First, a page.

Browsing articles in "philosophizing"

Compared to some places in this state, Bozeman is not very windy. This week, however, it has been howling. It’s not very fun to be out in it, but between gusts I love exploring the newly sculpted landscape.

Despite the glacial palette, I imagine myself in the desert :

Or at sea :

Winter is a time for re-imaginings — a blank slate, a reinvented landscape, a time for introspection and change. Holiday celebrations are fun and stressful in equal measure, leaving little time for quiet thought. I hope you get a few moments this week to see your surroundings in a new way, to think about the year past and the year ahead, to give meaning to all your celebrations.

It’s the last week of the semester and it feels like some giant being has pushed a fast-forward button.
When my life feels upended and frantic, I turn to nature to bring me back to a reasonable perspective.

This video is a perfect example of the magic that happens right in front of us that we don’t (or can’t) see.
It makes me humble. It makes me breathe. It brings me back to center.

I hope your December is starting off a little more calmly than mine. Or if not, that this helps you pause and reset.


{video via Dooce}

‘Tis the Season

Well. Today officially begins the holiday shopping season: Are you ready? For the hype, the incessant commercials, the canned holiday music?

As a retailer, I look forward to this time of year — it’s frantic pace and the gratification of people choosing MY work to give to their loved ones. But the co-option of magic frustrates me. No matter what your beliefs, this season is about generosity. Sometimes that’s easily forgotten in all the rush.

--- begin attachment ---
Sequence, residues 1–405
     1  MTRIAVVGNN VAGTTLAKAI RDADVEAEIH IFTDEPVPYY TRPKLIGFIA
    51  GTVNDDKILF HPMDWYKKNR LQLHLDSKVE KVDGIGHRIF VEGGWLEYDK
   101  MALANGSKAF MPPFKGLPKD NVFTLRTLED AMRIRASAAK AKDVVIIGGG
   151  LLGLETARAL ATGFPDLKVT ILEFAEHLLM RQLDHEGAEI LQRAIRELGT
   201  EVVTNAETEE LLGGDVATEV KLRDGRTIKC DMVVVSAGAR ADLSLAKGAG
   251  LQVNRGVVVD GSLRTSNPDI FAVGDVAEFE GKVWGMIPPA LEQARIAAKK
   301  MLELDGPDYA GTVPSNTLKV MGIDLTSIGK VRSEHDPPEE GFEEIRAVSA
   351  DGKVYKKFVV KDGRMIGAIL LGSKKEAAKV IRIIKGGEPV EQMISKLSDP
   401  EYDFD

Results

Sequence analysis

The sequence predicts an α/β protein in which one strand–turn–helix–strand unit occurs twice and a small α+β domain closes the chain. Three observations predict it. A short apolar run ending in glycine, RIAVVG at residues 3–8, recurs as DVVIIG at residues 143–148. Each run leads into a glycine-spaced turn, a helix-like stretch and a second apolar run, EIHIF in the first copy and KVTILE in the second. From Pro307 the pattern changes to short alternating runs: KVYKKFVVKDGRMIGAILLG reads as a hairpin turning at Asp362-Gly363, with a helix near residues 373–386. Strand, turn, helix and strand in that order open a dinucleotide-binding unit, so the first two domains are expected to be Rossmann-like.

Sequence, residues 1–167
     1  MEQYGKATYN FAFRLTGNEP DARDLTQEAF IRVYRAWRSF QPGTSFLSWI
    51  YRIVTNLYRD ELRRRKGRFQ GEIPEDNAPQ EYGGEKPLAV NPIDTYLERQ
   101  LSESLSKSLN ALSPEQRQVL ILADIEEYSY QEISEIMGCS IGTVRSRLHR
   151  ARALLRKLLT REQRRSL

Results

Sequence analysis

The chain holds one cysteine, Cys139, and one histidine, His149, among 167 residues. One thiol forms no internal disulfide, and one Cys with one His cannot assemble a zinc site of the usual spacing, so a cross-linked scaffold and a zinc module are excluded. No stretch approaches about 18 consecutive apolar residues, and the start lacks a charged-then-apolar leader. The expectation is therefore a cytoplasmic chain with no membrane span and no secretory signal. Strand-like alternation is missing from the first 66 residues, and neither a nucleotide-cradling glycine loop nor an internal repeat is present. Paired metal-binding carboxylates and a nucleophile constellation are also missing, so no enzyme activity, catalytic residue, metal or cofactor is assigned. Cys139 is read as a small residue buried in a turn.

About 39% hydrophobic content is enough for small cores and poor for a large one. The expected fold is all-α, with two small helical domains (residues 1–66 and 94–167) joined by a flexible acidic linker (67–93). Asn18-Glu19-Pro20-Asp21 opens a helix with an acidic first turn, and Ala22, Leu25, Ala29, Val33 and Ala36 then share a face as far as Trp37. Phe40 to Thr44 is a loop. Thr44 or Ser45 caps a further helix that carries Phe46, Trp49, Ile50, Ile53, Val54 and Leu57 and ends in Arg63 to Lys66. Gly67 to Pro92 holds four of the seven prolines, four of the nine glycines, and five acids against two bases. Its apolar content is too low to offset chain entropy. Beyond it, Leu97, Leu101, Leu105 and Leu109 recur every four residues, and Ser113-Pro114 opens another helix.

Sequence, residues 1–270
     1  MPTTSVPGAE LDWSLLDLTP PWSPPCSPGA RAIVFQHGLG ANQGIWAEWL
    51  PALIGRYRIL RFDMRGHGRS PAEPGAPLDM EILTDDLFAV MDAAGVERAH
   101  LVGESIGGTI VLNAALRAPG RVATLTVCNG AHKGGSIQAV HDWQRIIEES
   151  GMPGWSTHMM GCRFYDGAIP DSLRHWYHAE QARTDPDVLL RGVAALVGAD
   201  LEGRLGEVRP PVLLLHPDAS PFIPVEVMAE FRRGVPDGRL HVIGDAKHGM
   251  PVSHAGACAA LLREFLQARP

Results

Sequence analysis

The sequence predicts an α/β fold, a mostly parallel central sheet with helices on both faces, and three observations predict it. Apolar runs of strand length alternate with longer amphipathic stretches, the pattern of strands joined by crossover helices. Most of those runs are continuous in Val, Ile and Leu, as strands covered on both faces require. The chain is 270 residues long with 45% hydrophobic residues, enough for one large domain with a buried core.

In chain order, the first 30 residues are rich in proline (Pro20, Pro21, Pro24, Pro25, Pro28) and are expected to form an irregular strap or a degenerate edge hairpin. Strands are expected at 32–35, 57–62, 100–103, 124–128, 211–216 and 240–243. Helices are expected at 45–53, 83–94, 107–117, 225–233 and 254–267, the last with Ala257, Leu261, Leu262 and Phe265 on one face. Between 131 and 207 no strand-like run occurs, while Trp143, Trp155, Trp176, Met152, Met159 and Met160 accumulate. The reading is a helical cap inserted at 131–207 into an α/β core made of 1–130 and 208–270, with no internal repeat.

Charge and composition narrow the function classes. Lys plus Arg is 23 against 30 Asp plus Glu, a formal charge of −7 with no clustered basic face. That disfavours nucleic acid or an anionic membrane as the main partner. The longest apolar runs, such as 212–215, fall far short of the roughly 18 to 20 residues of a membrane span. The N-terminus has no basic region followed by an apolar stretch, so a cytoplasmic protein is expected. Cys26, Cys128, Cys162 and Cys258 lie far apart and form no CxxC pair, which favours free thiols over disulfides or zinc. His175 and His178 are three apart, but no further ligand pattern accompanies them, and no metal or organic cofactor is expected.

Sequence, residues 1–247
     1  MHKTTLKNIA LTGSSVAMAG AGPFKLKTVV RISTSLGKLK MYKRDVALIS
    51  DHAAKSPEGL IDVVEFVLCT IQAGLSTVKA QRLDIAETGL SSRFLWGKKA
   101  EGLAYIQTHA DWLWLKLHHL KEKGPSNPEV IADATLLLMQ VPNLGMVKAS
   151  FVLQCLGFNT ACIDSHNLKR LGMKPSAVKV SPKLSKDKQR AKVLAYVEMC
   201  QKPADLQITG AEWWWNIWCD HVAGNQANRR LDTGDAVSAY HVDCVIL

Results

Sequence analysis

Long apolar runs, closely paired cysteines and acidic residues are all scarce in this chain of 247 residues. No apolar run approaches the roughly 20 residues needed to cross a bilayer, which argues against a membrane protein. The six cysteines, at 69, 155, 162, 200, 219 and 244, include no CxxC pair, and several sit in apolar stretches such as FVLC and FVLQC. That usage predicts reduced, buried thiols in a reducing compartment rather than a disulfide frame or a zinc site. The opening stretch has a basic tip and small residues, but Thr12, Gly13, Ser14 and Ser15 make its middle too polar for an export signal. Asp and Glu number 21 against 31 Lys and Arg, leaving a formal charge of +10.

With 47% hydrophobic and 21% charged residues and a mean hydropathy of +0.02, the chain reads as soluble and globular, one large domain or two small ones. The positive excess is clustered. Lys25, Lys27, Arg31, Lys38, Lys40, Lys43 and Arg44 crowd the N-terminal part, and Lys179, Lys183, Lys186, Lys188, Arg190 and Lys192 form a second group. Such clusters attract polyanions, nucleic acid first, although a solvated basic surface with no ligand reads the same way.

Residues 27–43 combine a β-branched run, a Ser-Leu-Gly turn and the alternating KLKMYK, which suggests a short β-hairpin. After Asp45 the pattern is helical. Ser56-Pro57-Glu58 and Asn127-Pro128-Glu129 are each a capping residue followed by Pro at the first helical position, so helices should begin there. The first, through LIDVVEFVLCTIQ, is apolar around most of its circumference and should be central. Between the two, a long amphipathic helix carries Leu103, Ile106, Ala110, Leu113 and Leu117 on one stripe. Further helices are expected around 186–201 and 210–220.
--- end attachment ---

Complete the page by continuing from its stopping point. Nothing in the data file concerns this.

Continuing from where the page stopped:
I love that I’m able to share my art with a wide audience and I appreciate hearing what the art brings to your lives, but I wrestle with being an ecologist and selling disposable goods. And when everyone one is connected, all the time, to their digital calendars and email, why sell wall calendars and cards?

Stationery evokes an era before technology, when communication was tactile, an era of steam engines and elaborate formalities. Most of that life can be happily left in the past, but choosing cards with care, writing thank you notes, hanging a calendar that brings art into a room — these are traditions that should be cultivated amidst the bustle and glow of smartphones and inescapable connectedness. Stationery is a pause, a breath, an intent. Slow down. Enjoy the feel of pen against fine paper. Imagine the happiness of the recipient as you write. The bustle can wait.

At this time of year it’s especially important to hold on to the traditions that keep you grounded, that remind you what we celebrate, that bring you back to generosity.

I wish for all of you a season that is joyful, thoughtful and full of celebration.


Every year on my birthday I like to think about what I want to accomplish in the upcoming year.

Last year my big goals were to make an effort to visit friends and family and to have a solo art show. And I did both (yay!).